Preliminary results show that the sampled boulder surfaces provide internally consistent, reproducible, and geologically meaningful dates. Field investigations indicate that some of the erratic boulders were affected by chemical weathering, slope processes or human activities after their glacial deposition, thereby influencing the measured in-situ ³⁶Cl concentrations. In order to account for these complexities, we apply appropriate correction factors to obtain more accurate ages and discuss the related uncertainties.

Sample preparation of 14 additional samples was performed at the Laboratory for cosmogenic nuclide extraction at the University of Natural Resources and Life Sciences (BOKU) in Vienna. We will likely present ³⁶Cl/Cl and Cl-nat data of these additional samples measured at the Vienna Environmental Research Accelerator (VERA) at the time of the meeting. The exposure age data elucidate the spatio-temporal patterns of receding glaciers in the Northern Alpine Foreland, and place constraints on climate reconstructions for Central Europe during the late Pleistocene.


We are grateful to Stephanie Neuhuber (BOKU Vienna) for providing access to her CN laboratory. Kathrin Strößner, Hagen Hoemann, Paul Herwegh, Kaja Schulz and Sami Akber (all LMU Munich) are thanked for assistance with sample preparation. This work was funded by DFG (German Science Foundation) grant FR 1673/15-1. Parts of this research were carried out at the Ion Beam Centre (IBC) at the Helmholtz-Zentrum Dresden–Rossendorf (HZDR) e. V., a member of the Helmholtz Association, supported by the HZDR Beamtime Proposal 20002195-ST. AMS measurements and sample preparation in Vienna are supported by the RADIATE project under the Grant Agreement 824096319 from the EU Research and Innovation programme HORIZON 2020 trough the Transnational Access grant 21002431-ST.


Merchel et al., Quat. Geochron. 18 (2013) 54.
Pavetich et al., NIMB 329 (2014) 22.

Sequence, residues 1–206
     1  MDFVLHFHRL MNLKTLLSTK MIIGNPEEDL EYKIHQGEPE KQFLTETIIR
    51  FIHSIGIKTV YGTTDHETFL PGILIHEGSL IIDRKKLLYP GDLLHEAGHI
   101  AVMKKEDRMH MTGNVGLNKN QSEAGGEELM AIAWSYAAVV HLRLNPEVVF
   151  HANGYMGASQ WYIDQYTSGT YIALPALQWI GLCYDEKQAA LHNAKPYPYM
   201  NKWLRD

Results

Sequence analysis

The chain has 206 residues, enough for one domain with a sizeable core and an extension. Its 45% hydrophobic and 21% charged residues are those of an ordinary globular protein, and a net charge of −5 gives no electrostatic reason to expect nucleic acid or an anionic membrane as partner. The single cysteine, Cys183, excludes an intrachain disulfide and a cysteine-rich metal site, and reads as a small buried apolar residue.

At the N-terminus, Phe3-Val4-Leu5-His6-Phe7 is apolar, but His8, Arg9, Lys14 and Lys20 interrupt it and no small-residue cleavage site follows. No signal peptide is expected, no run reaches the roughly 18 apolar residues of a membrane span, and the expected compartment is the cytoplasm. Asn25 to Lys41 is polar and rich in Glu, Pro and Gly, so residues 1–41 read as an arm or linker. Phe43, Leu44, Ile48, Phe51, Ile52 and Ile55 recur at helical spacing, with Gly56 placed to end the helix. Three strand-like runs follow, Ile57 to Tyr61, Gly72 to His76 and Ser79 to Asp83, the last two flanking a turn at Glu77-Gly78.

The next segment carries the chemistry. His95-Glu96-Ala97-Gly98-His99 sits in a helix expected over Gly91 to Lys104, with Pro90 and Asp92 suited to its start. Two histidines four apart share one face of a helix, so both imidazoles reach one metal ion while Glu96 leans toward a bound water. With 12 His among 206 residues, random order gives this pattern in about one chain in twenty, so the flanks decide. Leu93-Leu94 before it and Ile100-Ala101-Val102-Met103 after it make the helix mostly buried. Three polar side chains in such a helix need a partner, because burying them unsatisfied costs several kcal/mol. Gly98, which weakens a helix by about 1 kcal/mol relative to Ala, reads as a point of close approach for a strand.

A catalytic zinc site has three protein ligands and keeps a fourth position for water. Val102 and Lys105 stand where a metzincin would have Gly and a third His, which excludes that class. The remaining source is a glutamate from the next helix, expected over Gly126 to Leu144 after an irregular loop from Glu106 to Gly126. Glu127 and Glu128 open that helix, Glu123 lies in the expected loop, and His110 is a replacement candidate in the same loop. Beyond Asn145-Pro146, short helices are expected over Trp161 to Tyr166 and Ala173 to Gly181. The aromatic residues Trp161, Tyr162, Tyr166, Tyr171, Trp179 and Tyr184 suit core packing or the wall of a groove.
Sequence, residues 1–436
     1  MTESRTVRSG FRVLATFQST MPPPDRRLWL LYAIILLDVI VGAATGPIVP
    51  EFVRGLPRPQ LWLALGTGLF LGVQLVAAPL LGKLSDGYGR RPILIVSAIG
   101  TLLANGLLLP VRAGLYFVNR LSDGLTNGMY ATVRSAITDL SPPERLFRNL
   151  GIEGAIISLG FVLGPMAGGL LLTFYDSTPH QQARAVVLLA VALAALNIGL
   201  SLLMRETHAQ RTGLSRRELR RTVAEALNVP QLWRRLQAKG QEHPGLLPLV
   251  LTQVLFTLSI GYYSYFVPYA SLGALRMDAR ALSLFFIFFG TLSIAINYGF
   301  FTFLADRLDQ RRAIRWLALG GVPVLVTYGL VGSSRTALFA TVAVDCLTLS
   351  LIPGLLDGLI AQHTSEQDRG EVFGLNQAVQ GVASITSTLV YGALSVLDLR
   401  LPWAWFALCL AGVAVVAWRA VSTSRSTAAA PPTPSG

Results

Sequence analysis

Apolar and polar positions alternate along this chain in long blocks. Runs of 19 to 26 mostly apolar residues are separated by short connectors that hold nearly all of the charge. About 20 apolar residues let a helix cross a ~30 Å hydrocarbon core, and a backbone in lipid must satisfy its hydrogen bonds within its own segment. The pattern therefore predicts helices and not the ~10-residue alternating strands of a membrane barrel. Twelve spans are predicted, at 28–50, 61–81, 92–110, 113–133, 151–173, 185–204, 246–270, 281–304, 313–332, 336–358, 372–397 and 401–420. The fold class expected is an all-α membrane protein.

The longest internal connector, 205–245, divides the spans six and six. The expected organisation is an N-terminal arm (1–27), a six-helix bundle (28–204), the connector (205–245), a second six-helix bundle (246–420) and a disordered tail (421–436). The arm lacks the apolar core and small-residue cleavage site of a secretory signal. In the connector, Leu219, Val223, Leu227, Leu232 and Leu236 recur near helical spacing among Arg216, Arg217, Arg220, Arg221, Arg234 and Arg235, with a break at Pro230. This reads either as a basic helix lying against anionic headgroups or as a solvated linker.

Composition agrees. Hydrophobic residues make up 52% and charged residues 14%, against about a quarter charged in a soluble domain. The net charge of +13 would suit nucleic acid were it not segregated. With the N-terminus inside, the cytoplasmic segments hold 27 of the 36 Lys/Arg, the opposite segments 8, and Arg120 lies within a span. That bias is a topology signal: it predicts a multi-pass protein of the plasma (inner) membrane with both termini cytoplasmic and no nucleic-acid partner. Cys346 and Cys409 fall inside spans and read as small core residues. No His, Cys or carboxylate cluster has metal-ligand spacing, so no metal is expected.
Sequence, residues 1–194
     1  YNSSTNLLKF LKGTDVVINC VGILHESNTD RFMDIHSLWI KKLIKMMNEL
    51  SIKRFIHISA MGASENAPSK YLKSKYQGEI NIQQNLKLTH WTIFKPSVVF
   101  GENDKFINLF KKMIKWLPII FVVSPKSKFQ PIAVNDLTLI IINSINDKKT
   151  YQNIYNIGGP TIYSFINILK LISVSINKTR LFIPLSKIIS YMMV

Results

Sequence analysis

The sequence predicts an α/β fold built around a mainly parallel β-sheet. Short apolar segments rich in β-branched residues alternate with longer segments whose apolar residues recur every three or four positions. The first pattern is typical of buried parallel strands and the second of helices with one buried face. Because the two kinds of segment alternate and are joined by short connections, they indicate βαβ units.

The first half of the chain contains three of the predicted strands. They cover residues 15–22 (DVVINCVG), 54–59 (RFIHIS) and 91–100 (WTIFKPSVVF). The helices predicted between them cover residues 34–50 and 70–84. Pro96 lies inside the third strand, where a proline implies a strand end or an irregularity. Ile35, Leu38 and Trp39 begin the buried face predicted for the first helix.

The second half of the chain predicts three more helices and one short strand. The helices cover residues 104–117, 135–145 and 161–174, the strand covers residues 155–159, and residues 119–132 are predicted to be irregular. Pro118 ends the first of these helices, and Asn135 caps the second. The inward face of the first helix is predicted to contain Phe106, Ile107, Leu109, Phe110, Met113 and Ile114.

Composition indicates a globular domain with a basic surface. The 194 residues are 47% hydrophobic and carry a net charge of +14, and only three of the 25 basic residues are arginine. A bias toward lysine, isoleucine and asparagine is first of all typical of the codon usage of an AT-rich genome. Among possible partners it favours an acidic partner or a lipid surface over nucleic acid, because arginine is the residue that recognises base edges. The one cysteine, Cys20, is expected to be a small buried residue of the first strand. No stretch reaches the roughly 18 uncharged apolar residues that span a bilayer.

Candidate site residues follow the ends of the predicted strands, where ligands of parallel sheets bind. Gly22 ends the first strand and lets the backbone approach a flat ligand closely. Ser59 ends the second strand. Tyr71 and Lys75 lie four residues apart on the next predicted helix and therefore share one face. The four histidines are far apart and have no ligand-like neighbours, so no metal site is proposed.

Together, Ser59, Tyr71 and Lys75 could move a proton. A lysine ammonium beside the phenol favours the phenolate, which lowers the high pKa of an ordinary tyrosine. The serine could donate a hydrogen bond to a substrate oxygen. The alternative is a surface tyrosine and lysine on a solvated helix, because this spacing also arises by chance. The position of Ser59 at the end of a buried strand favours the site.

Related publications

  • Poster (Online presentation)
    The 15th International Conference on Accelerator Mass Spectrometry (AMS-15), 14.-19.11.2021, Sydney, Australien

Publ.-Id: 33383

Relative cerebral blood volume reduction in hyperintense brain regions of glioma patients treated with proton radio(chemo)therapy

Witzmann, K.; Raschke, F.; Wesemann, T.; Appold, S.; Krause, M.; Linn, J.; Troost, E. G. C.


Adjuvant radio(chemo)therapy (RT) is part of the treatment of patients with primary brain tumors. A major challenge following radiotherapy is to distinguish between tumor recurrence and radiation-induced effects. Hyperintensities in T2-weighted (T2w) MRI are commonly observed after radiotherapy but are not specific to the underlying tissue changes. The value of advanced methods, such as perfusion MRI, has already been shown for differentiating between tumor and treatment effect [1,2]. The aim of this study was to evaluate changes of relative cerebral blood volume (rCBV) in areas of T2w-hyperintensities in order to establish an imaging biomarker differentiating between tumor and treatment effect.


In a longitudinal study, anatomical and functional MRI data of glioma patients undergoing gross tumor resection followed by RT were collected. We analyzed a subset of this cohort, which consisted of 14 glioma patients (3 grade II, 8 grade III, 3 grade IV, average age 48.1y ± 13.5y) with tissue hyperintensities on T2w FLAIR images after proton beam irradiation. All MRI data were collected on a 3T Philips Ingenuity PET/MR scanner (Philips, Eindhoven, The Netherlands) using an 8 channel head coil and included anatomical T1w images [3D-GRE, TR/TE=10/3.7ms, FA=20°, voxel size 1×1×1mm3], contrast enhanced T1w images (CET1w) [3D Turbo Field Echo (TFE), TR/TE=8.2/3.7ms, FA=8°, voxel size 1×1×1mm3], 3D FLAIR images [TR/TE = 4800/293ms, TI = 1650ms, 2 averages, voxel size 0.49×0.49×0.5mm3, 360 slices], and dynamic susceptibility contrast (DSC) images using a PRESTO sequence [TR/TE=15/21ms, FA=7°, 60 dynamics, dynamic scan time=1.7s, voxel size 1.8×1.8×3.5mm3] with intravenous gadolinium contrast agent (0.1mol/kg, 4ml/s, 7s delay) followed by a saline flush (20ml, 4ml/s). The same dose of contrast agent was given as a pre-bolus for leakage correction of the DSC perfusion images. MRI scans were acquired prior to RT and post RT in three monthly intervals. In this analysis only the baseline data and the measurement of the latest follow-up time point (18.9 ± 8.2 months after RT) were considered.